Physical attributes include:
• Past/present human uses such as grazing
• Water quality
• The presence of structures
• Vegetation condition
Social attributes include:
• Sights, sounds and even smells (such as a barbecue) of people
• Number of people present
• Bush skills of the people present
• Social group size
• Opportunity for solitude
Managerial attributes include:
• Presence/absence of Rangers and obvious regulations such as signs
• Number and obtrusiveness of signs and facilities
How EPA uses settings
When the EPA first considers a site to determine its setting, the Agency works out the setting as the site currently is. After working out the current setting, decisions are made about how best to manage a place. A site may be managed to become a higher or lower setting. This is done in a planned way by considering other special attributes of the site and the range of settings nearby. The aim is to provide a variety of settings so a range of experiences are available to visitors.
Visitor use can influence the setting by changing the social character of a place, and careful consideration is given to all requests to conduct activities on parks and forests, especially those activities that are more likely to impact a site and other visitors. Some recreation activities, such as trail bike riding, boat races or large group events, can have greater impacts on a site and often the decision is about appropriate place, timing and management.
The EPA uses settings for many visitor management decisions including:
• What kinds of visitor facilities and services (if any) to provide.
• Whether to permit group activities such as weddings and competitive events such as king-of-the-mountain races.
• Group size restrictions for bush camping and remote bushwalking.
• Where to locate horse trails and mountain bike trails.
• Whether to sign natural hazards.
Using a framework ensures decisions are made consistently and that all potential users of parks and forests are treated fairly.
What do settings mean for you?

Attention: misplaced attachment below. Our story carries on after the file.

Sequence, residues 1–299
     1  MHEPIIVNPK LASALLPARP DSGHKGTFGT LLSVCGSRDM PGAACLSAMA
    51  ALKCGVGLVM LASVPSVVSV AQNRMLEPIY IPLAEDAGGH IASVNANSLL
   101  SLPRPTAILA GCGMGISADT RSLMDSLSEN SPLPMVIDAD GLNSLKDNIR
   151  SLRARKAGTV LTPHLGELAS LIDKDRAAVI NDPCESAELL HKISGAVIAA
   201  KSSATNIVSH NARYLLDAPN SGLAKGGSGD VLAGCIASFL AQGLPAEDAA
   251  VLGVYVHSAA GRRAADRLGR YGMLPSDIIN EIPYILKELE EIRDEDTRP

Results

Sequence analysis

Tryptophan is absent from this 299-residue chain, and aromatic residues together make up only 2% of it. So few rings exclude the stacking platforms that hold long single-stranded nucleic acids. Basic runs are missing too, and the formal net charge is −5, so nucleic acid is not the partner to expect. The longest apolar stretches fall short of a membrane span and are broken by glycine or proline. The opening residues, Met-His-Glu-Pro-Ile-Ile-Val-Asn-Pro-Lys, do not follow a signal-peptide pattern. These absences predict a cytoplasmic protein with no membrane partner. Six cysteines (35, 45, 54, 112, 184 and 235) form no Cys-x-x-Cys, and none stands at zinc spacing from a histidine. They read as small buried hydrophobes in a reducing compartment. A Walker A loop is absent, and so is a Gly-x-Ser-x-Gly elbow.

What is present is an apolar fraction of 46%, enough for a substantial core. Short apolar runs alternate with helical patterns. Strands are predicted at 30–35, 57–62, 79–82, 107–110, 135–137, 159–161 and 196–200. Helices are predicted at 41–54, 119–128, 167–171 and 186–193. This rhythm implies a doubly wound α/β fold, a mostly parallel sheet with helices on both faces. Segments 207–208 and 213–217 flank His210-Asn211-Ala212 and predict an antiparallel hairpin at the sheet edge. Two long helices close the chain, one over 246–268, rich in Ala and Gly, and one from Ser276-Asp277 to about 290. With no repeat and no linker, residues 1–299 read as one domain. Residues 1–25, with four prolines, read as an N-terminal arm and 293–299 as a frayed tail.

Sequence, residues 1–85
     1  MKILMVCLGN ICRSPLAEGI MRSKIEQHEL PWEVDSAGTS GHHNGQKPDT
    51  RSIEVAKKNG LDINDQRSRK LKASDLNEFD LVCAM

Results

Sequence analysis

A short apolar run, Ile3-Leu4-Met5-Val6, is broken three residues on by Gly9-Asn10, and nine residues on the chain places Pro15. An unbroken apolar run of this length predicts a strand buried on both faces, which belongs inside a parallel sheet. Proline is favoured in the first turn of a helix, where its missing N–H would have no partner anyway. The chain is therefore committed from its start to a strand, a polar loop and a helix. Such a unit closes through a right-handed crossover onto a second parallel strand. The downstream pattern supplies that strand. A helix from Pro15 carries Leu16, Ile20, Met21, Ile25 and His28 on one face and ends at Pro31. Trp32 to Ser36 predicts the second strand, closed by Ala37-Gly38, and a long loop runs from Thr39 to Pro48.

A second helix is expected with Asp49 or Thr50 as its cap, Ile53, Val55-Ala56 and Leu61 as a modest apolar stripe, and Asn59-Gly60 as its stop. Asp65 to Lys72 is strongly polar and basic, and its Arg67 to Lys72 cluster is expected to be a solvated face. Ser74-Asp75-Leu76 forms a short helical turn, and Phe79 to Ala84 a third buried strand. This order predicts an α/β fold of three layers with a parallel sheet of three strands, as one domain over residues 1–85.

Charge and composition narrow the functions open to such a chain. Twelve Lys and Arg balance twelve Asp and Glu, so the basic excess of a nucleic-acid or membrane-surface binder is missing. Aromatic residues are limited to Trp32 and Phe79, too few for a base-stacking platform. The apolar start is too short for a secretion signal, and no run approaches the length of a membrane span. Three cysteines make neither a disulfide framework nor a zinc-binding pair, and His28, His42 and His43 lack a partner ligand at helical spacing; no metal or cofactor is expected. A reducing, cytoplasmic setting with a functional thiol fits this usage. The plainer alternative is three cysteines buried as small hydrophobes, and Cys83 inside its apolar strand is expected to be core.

When you apply to use a park or forest for a group or commercial activity, EPA staff are likely to include the LCS, among other considerations, to help guide their decision.
Under LCS, recreation activities are allocated to appropriate settings across a spectrum from 1 (most natural) to 8 (highly developed). For example, activities conducted in a more leisurely style and smaller groups may be appropriate for more natural settings. Other activities undertaken in larger groups in a way that could affect the experience of other visitors may be confined to more developed or less natural settings.
Who else uses settings?
Other land management agencies around the world use similar frameworks to decide the level and style of recreation use. In Queensland, the Department of Infrastructure and Planning and Department of Sport and Recreation have also adopted settings for outdoor recreation planning.
Over the past decade, three outdoor recreation surveys have been conducted in south-east Queensland. One of the most interesting trends to emerge from the Outdoor Recreation Demand surveys is that south-east Queenslanders increasingly prefer more natural settings for their favourite outdoor activities, namely swimming, walking and picnicking.
The EPA is the main provider of outdoor recreation in natural settings, so settings will continue to be an important planning tool for the Agency.
For more information about the way EPA manages parks and forests or settings in particular, check out the EPA website through the link below www.epa.qld.gov.au